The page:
But all of these things now exist in Season 8. As the living prepare to face off against the dead, Sam notes that more than anything, the Night King wants to wipe out the memories and stories of the world. It's not just about killing people, but about wiping out every story, every tale, and every memory that existed as well.
The world of Game of Thrones is built around the concepts of myth and storytelling.
Either way, Bran suggests luring the Night King out of position, volunteering himself as bait. It's the only plausible plan, even if the Starks initially reject it. There are too many members of the White Walker army for Winterfell to take on, even with all the Unsullied, the Dothraki, and two dragons. If the Night King falls, the whole army should follow suit.
The rest of the episode builds upon the reunions from the premiere while also celebrating a slew of character journeys. Jon, Sam, and Eddison (that remaining Night's Watch brother) gather together as they reminisce about how far they've all come. This especially applies to Sam, who started off the series as a meek bookworm and became the first man to kill a White Walker. Missandei and Grey Worm talk about how they'll never be accepted in the North and how they want to return to Essos.
Tyrion and Jamie are drinking alone talking about how things used to be simpler back when Jamie was sleeping with Cersei and Tyrion just drank and slept around. They're later joined by Brienne, Podrick, Davos, and Tormund. In a moment of levity in a show that desperately needs it sometimes, Tormund tells the story of how he got the moniker Giantsbane. Apparently, he killed a giant and then the giant's wife nurtured him for three months. Tormund is so strong because he drank giant's milk, which is... gross but again, we needed some comedy.
In another moment of joy, Jamie finally knights Brienne. Women typically aren't allowed to be knights, but Jamie tells her that all she needs is another knight to give her a title. Brienne has been one of the most honorable and strong characters throughout the series, so it's about time that she got some recognition for all her efforts. The fact it comes from Jamie Lannister is just the cherry on top of the cake.
Elsewhere in Winterfell, Arya meets up with the Hound and they talk about how much they've changed. Few words are exchanged though as Arya goes to practice, but runs instead into Gendry, who's finally finished her weapon. In a scene that a lot of people were expecting, Arya and Gendry sleep together. Arya wants to know what it's like before they all die tomorrow.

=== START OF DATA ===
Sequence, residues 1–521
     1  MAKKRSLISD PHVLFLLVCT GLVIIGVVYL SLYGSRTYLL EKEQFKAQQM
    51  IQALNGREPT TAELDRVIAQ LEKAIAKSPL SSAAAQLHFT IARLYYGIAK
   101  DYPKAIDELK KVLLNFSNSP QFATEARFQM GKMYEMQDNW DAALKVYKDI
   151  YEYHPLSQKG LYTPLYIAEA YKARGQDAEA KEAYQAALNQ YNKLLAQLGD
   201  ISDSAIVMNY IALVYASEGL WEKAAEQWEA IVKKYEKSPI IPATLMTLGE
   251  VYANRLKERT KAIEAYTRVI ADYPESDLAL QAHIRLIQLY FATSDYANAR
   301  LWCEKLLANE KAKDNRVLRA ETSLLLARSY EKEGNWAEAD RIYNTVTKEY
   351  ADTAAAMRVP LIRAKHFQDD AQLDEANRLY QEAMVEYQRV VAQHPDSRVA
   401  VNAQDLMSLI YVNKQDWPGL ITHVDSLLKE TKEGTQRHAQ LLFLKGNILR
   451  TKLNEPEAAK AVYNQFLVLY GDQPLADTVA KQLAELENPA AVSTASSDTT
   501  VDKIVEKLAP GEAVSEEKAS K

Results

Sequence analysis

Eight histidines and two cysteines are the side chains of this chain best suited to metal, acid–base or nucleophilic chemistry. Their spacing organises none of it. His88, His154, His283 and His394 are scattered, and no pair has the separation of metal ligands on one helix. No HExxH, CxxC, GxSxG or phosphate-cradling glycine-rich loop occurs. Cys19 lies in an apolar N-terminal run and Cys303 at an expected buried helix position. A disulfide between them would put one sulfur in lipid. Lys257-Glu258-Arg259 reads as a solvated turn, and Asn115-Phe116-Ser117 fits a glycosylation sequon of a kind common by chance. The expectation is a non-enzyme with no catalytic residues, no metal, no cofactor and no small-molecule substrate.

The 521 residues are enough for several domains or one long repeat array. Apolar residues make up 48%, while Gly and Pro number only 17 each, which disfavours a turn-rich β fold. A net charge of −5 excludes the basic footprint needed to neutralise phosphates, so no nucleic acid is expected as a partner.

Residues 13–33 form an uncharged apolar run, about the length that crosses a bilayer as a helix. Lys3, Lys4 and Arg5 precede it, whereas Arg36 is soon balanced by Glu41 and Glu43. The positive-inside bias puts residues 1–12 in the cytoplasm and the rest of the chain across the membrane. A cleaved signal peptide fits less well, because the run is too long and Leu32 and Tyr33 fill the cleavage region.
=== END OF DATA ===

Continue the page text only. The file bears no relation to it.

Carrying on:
So everybody's had a moment, but what about Jon and Daenerys? Jon's been avoiding her all episode after the revelation from Sam about his parentage, but while he's standing in the crypt in front of the statue of Lyanna, he finally tells Daenerys. She's obviously taken aback because this means Jon has a claim to the Iron Throne she's been working so hard for. However, the two can't properly discuss it because they're blowing the horns. The army is here.
Out of the multiple reunions and personal moments we got in Episode 2, the one that stands out the most isn't that obvious. Tyrion and Jamie, as I've previously mentioned, are ready for the battle, but wish for simplicity. They were broken, corrupted men when the series first began, but they didn't have to worry about things like White Walkers or impending doom. All across Winterfell, people are engaging in simple pleasures, whether it's alcohol, sex, hugs, or just a good song. And it's the most human Game of Thrones has been in a long time.
In a show about magic and mythical creatures, the core has always been the characters. There are spectacular set pieces and political tension to bring audiences back every week, but in the end, it's not about who ends up on the Iron Throne but who makes it to the conclusion to see what'll happen to it. We were invested in Jon's story because he was an underdog with good intentions that never seemed to get his due. We followed Arya and Sansa because we wanted to see how they can come out on top despite seasons of trauma.
So on the eve of the biggest battle in the show's history, to see that all these characters are engaging in simple pleasures is bittersweet. Jenny of Oldstones couldn't live in the past, and neither can any of our remaining cast. They have to look forward to bloodshed.
Questions we want answered
- Who's going to die? We predict that some of the minor characters still lurking will not see the end. Brienne is a definite considering her arc has come full circle, along with Gendry and possibly Theon.
- This is only Episode 3. Will this be the end of the Night King?
- How is everyone going to react to seeing the Ice Dragon? Probably not well. How's that going to factor into the battle?
Who died this episode?
- Nobody, which is just fine with us considering what's going to happen in Episode 3.
- No matter what you think, that Gendry/Arya scene is going to be controversial.
- There is some obvious prejudice Missandei and Grey Worm see from Winterfell residents. This might be the first time the show has addressed race in a straightforward manner.
- Tyrion mentions once again that he wants to die when he's 80. He mentions it first in Season 1, so hearing Jamie repeat it back to him is a nice touch.
- The costumes on this show have always been great, but Sansa's armor look is one of its best.
- Yes, that is Florence & the Machine singing a version of "Jenny's Song" over the credits.